In this post we’ll review seven ways to create characters for your online training courses. For the most part these characters can be created in PowerPoint so you don’t need other tools.
Create Characters by Customizing Clip Art
If all you have is clip art then that’s what you have to work with. But you still have some flexibility. Start by selecting the clip art image, ungrouping it, and making the customizations you need. Then regroup it. I also like to save the new image as a .png.
Here are some posts that should help you do this:
With some creativity you can do quite a bit. I try to stick with the same image style and remove all of the background items that make clip art look like clip art.
Create Characters by Pulling Them Out of Stock Images
You can find a lot of stock images for free. However, it’s not always easy to find people who are isolated. But that’s easy enough to do yourself. I look for images with people that I can pull out of the image. PowerPoint 2010+ has a remove background feature that works well in most cases.
Once you’ve isolated the people you can put them over any background or even create silhouettes.
Create Characters by Using Simple Shapes
Pictograph images are common for signs and work well with a lot of procedural and safety training.
- Free download to help you get started.
Create Characters by Sketching Them
I used to do a lot more sketching of images back when I had one of the old tablet PCs. It’s easy enough to do.
At a recent conference Blair Rorani live tweeted my session and created some cool images. I tried it myself at the workshop in Denver, which you can see below.
Sketching doesn’t need to be perfect and the organic nature of it provides a novel contrast to what we usually see in our elearning courses.
- I’ll give a plug to Blair’s newsletter where he offers some cool tips and
- Teaches the basics of his sketching ideas
Create Characters by Using a Flat Design
In a recent post I needed some characters that matched the characters David used in his blog post on a weekly challenge. Since it was a flat character it was easy enough to create using PowerPoint.
As you can see in the image below, the character is a bunch of shapes combined to look like a person, probably a lot like how we were created.
- Here’s the post where the flat characters were used.
- You can download the PowerPoint file and see how they were built.
Create Characters Using Illustrations in PowerPoint
This last technique takes a little practice but offers the most flexibility because you can virtually trace any image you need.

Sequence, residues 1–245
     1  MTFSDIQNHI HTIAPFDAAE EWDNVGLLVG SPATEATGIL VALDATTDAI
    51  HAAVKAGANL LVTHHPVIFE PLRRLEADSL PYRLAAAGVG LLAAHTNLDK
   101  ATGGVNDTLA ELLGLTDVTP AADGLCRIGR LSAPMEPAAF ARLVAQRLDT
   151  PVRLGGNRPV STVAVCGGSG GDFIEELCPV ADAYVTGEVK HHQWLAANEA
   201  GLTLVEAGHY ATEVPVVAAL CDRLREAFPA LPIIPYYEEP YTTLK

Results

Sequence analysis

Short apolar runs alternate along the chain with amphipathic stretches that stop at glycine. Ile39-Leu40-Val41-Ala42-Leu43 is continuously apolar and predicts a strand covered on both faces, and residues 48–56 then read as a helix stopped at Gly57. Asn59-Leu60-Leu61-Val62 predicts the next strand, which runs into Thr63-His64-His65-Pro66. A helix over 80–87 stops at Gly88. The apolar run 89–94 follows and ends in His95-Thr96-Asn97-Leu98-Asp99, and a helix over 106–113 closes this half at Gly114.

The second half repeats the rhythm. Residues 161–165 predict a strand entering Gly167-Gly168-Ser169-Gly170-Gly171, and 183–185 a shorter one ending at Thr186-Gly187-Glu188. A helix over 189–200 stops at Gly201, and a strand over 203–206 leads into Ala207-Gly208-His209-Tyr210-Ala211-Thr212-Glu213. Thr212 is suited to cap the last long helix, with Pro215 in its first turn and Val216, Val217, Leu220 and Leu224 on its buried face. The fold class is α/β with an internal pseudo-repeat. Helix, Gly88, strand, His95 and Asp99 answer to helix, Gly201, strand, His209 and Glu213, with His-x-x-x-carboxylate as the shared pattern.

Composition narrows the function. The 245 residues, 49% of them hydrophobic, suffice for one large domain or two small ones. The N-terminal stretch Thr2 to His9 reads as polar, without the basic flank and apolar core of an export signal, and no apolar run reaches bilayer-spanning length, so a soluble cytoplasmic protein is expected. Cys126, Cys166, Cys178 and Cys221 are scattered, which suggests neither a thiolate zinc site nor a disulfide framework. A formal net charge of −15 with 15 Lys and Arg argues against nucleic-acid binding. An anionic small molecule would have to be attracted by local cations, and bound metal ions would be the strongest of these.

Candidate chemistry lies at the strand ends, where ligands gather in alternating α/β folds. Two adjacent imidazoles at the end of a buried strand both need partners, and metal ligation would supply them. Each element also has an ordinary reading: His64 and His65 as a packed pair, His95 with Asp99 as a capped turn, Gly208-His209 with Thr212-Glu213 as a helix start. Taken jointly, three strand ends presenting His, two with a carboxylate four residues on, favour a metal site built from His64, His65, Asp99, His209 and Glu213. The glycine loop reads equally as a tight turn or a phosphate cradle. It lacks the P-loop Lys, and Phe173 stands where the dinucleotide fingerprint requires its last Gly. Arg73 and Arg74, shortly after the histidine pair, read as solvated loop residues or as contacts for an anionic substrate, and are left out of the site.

Those who know Inkscape or Illustrator can use those tools to create vector files. But the images above were created in PowerPoint. Once you get a hang of it, creating the images is generally easy.
At least try to create one image and see how it works. I took a stab at creating a self-portrait (and then I squished it a little at the sides to lose a few pounds).
Create Characters by Customizing the Articulate Characters
Many of you use the Articulate software. The illustrated characters, just like clip art, can be ungrouped and customized. That means you can change the facial features or modify the outfits, which comes in handy if you have specific work uniforms.
If you use Studio ‘13, insert a character and ungroup it. Then make whatever changes you want. In Storyline, insert a character on the slide and then save as an image. Use the .emf or .wmf format. This keeps them as vect
or images that can be ungrouped. Then bring the image into PowerPoint and ungroup it to make modifications. Save the modified image and insert on your Storyline slide.
Above is an example of a character I modified. I changed the facial features a bit, made her head smaller to look less cartoonish, and put her in a work outfit. I used the Best Buy look to show some branded work attire.
And here’s another example where I combined the characters with some assets from other clip art. I ungrouped the clip art character to use the hard hat and utility belt.
In an ideal world you have access to a graphics person or a budget to buy the characters you need. But that’s not the case for many of you. These tips above should help you get started and give you enough options to create the characters you need.
Upcoming E-Learning Events
- We'll be adding events for 2017 soon. If you'd like to see one of our workshops in your area just let me know.
- Mar 20 (Orlando). Want to learn to build courses with the right look & feel? Join David Anderson at his all day workshop on Graphic Design Essentials for Non-Graphic eLearning Designers.
- Mar 22-23 (Orlando). Come by the booth at Learning Solutions and say hello.
- April 13 (Minneapolis). Variables Made Easy with Articulate Storyline. Limited seats, so sign up now.
- April 13 (Minneapolis). Articulate User Meet Up. Details coming soon.
- April 14 (Minneapolis). PACT Meeting: Facing Today's Instructional Design Challenges.
Free E-Learning Resources
Want to learn more? Check out these articles and free resources in the community.
Here’s a great job board for elearning, instructional design, and training jobs
Participate in the weekly elearning challenges to sharpen your skills
Lots of cool elearning examples to check out and find inspiration.